Managing Type 1 Diabetes For Young Adults | Cornerstones4Care®

Managing Young Adults Living on Their Own

Preparing for the time when your young adult goes off to college or moves out on his or her own can put pressure on both of you. But there are things you both can do to make this change easier.

Make sure your young adult with diabetes has mastered:

  • Filling prescriptions and ordering supplies before they run out
  • Checking insulin and taking medicine on his or her own
  • Having supplies on hand to manage low blood sugar 
  • Paying for medicine and supplies and/or arranging for payment to be made through insurance
  • Adjusting the amount of insulin based on eating, activity, and blood sugar patterns
  • Making appointments with the diabetes care team
  • Asking the diabetes care team questions and sharing any concerns about diabetes care
  • Telling the diabetes care team how he or she has been feeling

Whether your young adult is going to college or is moving into an apartment, it's a good idea for everyone with diabetes to have a diabetes kit that will keep supplies in one spot. The kit should include a blood sugar monitor and strips, insulin, syringes, and pump supplies or extra pens. It should also have a sharps container, prescriptions for insulin and supplies, and whatever source of sugar your young adult likes to use to treat low blood sugar events. If medically appropriate, he or she should also carry glucagon emergency medicine. It is important for him or her to train a few people who are around them the most in how to use it.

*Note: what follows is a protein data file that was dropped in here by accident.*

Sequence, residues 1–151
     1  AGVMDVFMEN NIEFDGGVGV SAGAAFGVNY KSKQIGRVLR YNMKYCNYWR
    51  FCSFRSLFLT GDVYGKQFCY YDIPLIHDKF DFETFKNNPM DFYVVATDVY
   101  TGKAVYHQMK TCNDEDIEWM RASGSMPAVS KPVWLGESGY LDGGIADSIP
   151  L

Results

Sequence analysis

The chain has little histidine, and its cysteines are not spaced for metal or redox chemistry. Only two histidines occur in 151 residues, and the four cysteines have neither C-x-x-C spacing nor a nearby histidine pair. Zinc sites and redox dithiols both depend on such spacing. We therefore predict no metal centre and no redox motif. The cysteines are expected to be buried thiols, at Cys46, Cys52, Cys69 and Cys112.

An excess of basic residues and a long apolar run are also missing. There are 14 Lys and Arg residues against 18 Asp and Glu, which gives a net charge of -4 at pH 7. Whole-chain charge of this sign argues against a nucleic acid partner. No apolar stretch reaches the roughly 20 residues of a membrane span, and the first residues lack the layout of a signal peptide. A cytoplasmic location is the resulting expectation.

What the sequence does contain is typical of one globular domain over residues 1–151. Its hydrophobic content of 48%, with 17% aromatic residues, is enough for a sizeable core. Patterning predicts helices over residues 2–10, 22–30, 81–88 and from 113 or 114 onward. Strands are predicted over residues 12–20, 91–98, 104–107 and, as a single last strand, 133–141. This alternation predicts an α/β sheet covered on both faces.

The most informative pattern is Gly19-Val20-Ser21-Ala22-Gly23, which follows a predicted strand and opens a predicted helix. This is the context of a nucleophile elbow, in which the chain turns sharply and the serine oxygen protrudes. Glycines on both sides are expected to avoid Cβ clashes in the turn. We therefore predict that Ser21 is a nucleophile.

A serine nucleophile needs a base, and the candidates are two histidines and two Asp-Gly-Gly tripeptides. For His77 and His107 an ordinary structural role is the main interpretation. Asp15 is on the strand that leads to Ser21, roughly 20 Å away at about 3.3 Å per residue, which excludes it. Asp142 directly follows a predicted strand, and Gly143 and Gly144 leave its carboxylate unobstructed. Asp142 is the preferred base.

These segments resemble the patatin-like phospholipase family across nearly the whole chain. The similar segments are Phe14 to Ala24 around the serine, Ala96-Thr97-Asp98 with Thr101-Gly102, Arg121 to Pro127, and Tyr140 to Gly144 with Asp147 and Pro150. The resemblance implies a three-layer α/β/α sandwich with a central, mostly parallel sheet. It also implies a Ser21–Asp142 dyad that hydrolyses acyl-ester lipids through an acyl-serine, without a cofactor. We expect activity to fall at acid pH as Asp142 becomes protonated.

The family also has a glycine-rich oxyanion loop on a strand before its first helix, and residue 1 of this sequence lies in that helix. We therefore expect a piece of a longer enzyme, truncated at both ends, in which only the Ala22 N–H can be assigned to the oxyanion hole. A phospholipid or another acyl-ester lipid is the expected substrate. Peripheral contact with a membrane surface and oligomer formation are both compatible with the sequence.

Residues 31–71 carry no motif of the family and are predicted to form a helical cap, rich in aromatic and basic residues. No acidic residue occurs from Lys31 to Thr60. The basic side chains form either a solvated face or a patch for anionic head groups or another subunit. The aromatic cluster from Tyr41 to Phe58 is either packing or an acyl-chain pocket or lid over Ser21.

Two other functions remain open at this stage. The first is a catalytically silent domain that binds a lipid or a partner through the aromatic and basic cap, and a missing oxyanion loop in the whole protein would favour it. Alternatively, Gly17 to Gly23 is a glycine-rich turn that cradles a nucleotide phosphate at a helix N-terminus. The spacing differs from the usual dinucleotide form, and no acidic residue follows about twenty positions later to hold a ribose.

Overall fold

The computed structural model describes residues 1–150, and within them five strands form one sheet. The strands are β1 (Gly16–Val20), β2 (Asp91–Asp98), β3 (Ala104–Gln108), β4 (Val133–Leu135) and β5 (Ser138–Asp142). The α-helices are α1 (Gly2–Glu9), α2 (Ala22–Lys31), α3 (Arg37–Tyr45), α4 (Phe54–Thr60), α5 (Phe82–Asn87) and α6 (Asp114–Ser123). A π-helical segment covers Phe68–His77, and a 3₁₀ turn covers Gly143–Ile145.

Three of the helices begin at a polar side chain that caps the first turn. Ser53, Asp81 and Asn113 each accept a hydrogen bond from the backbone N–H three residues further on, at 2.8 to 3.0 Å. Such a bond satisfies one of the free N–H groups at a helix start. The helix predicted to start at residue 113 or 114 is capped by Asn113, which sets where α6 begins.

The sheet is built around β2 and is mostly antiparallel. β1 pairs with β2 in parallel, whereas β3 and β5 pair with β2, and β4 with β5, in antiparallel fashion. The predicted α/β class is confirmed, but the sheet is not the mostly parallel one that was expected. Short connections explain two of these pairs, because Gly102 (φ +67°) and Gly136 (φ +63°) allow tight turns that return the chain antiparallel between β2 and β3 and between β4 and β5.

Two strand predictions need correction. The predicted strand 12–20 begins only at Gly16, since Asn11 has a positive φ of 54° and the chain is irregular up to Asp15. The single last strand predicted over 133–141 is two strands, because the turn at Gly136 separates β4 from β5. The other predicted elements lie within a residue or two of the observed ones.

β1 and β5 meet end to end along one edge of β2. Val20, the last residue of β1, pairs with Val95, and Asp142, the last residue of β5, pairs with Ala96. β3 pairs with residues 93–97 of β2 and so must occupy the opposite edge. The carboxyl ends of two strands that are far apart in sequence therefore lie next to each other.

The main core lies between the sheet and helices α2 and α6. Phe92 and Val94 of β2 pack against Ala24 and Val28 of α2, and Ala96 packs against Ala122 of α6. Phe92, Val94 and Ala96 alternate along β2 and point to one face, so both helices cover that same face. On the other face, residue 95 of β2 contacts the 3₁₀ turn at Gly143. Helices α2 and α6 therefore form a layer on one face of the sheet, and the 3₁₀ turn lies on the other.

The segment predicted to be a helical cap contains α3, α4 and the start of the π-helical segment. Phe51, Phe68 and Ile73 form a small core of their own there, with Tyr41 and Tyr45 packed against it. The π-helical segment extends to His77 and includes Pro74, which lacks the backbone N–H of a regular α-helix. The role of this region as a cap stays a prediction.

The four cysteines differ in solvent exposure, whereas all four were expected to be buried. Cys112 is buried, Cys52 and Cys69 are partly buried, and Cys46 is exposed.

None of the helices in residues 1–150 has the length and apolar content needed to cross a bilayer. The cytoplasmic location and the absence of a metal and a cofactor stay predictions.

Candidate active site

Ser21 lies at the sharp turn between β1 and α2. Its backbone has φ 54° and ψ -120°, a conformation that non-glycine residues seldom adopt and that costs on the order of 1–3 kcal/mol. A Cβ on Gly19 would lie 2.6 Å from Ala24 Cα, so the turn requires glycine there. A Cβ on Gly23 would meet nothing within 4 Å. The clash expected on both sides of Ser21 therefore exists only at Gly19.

If they aren't wearing one already, young adults should think about wearing a medical alert ID. If they don’t like the idea, remind them that if they ever pass out because of a low blood sugar event, wearing an ID could save their life.  

At your young adult’s last appointment with his or her childhood care team, have him or her get the previous team’s business cards to share with the new team. This can help make the change in care smoother.  

If your young adult is headed to college, here are some tips to help him or her with those first few weeks. Encourage him or her to:

  • Decide whom to tell about their diabetes, and what to tell them
  • Visit the student health center and find out how to get help at night, on the weekend, or in an emergency
  • Go to the cafeteria or other places on campus where food is served and get nutrition information. Your young adult may decide to stock his or her room with diabetes-friendly foods
  • Prepare a sick-day kit for the dorm room. This kit should include the guidelines from the care team on how to adjust insulin as well as ketone strips, a thermometer, and bland foods and drinks

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